Friday, January 12, 2007

Give Conservation Another Chance

By John H. Herbert, Baltimore Sun, Jan. 1, 2007:

Since 1997, utility demand-side investments such as efficient lighting programs, heat recovery systems and advanced electric motor drives have yielded returns for consumers that far exceed the cost. Since 1997, every 3 cents worth of conservation investment by utilities has reduced demand by 1 kilowatt-hour. Electricity costs about 9 cents per kilowatt-hour. Thus, for every 3 cents worth of conservation investments, consumers avoid paying 9 cents and thus obtain a 6-cent gain. ...

Why is there no federal support? Because Washington understands the impact of programs that involve tax credits, subsidies and government expenditures that increase energy supplies rather than reducing demand. Support for these programs provides paybacks for specific industries. ...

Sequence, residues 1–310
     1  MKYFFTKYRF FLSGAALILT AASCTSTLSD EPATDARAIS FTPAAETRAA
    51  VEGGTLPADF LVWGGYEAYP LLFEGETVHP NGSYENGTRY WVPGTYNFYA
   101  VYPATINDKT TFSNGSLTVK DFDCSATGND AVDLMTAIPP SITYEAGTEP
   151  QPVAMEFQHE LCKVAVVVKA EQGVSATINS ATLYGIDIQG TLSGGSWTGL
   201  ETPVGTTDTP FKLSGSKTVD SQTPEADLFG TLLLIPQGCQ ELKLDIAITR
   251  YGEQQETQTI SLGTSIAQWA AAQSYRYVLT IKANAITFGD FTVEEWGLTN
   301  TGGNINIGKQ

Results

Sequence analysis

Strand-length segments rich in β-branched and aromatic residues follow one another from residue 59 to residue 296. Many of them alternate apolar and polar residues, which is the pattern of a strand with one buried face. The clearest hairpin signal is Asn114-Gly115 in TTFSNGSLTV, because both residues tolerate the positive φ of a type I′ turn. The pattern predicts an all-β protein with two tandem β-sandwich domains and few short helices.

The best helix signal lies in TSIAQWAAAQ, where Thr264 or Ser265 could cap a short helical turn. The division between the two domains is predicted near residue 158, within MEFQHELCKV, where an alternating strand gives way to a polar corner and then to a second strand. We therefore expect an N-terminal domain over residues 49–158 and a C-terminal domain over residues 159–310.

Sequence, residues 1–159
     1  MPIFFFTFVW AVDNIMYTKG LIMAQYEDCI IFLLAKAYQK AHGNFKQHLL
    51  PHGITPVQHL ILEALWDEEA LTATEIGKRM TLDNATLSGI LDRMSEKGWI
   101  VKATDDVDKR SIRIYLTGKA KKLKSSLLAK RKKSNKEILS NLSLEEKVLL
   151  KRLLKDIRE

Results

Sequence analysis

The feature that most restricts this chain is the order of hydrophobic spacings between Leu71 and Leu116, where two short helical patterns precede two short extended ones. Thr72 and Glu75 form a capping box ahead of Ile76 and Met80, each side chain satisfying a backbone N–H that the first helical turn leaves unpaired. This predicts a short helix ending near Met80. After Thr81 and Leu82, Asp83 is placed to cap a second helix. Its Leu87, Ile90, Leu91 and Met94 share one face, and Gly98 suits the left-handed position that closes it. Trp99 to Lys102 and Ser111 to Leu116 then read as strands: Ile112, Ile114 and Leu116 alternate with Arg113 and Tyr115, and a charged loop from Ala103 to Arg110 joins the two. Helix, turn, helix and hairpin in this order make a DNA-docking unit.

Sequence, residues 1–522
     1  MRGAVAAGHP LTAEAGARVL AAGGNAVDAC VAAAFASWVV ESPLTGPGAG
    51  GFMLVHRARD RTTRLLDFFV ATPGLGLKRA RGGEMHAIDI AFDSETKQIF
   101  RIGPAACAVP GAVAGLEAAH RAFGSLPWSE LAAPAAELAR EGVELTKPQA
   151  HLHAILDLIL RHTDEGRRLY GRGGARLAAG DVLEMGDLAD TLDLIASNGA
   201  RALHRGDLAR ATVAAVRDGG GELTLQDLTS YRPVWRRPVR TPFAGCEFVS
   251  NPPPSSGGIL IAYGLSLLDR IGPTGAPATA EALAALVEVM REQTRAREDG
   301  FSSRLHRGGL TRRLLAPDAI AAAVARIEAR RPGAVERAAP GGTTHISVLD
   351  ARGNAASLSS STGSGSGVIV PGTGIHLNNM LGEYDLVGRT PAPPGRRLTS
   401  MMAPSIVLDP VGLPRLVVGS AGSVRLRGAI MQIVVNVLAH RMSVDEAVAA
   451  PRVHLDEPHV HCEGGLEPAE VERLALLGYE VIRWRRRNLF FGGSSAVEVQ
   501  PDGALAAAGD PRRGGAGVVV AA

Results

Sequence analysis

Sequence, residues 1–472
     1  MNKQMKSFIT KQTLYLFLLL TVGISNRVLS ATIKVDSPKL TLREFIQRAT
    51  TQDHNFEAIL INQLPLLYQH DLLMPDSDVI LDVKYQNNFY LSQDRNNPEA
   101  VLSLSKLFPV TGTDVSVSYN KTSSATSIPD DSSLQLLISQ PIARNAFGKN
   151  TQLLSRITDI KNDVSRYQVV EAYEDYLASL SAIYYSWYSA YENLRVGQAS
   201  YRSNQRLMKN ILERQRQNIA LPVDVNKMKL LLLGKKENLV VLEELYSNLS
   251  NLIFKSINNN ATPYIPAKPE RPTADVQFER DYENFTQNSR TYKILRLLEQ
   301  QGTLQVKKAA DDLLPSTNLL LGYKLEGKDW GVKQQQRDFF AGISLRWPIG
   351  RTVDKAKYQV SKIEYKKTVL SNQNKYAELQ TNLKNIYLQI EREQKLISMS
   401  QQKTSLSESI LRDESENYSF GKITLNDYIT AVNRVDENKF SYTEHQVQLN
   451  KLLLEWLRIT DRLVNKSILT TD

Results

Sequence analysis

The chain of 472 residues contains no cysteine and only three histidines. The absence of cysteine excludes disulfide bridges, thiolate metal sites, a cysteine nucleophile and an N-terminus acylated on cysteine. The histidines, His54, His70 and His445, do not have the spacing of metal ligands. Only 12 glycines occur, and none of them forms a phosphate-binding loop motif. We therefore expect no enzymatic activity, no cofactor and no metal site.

In the 1970s, prices were high and energy security was a pressing issue as Middle East oil supplies were at times curtailed. The national government responded by promoting energy conservation on several fronts such as tax credits for domestic conservation investments, energy-use labeling of appliances and automobiles, and frank talk about the value of saving energy for economic and security reasons. ...

By 1985, U.S. imports from OPEC fell to 1.8 million barrels per day from a peak level of 6.2 million in 1977, a decline of 70 percent. ...

According to the Department of Energy's Annual Energy Review, from 1978 to 1982, energy consumption per household declined by 26 percent, and in the major consuming region in the nation, the Midwest, it declined by 32 percent.

From 1973 to 1982, industrial consumption of natural gas declined by 32 percent. The industrial sector is the major user of this most environmentally benign hydrocarbon. During the same period, fuel consumption per vehicle declined by 19 percent. ...

[W]ill we stay entrenched in the known comforts of energy dependency and legislation written by lobbyists supportive of particular groups? The smart money may be on the latter, but there will be more money and security for everybody if we give conservation another whirl.

wind power, wind energy, wind farms, environment, environmentalism